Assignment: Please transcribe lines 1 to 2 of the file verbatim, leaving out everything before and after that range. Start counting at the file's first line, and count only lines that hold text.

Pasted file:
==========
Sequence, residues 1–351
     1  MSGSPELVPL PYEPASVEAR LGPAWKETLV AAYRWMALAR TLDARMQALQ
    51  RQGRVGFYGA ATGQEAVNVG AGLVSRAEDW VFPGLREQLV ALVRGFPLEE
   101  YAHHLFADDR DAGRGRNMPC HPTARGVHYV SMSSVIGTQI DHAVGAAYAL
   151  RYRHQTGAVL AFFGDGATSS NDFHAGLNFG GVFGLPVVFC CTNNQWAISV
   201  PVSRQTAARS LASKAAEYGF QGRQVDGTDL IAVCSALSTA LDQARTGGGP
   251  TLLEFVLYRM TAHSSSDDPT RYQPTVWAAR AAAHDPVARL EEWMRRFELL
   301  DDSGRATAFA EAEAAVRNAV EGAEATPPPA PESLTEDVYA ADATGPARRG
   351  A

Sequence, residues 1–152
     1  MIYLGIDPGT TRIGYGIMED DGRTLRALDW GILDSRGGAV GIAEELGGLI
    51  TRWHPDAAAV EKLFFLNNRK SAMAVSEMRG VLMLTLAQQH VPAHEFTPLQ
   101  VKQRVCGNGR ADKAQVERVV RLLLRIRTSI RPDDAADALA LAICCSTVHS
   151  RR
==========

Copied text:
Sequence, residues 1–351
     1  MSGSPELVPL PYEPASVEAR LGPAWKETLV AAYRWMALAR TLDARMQALQ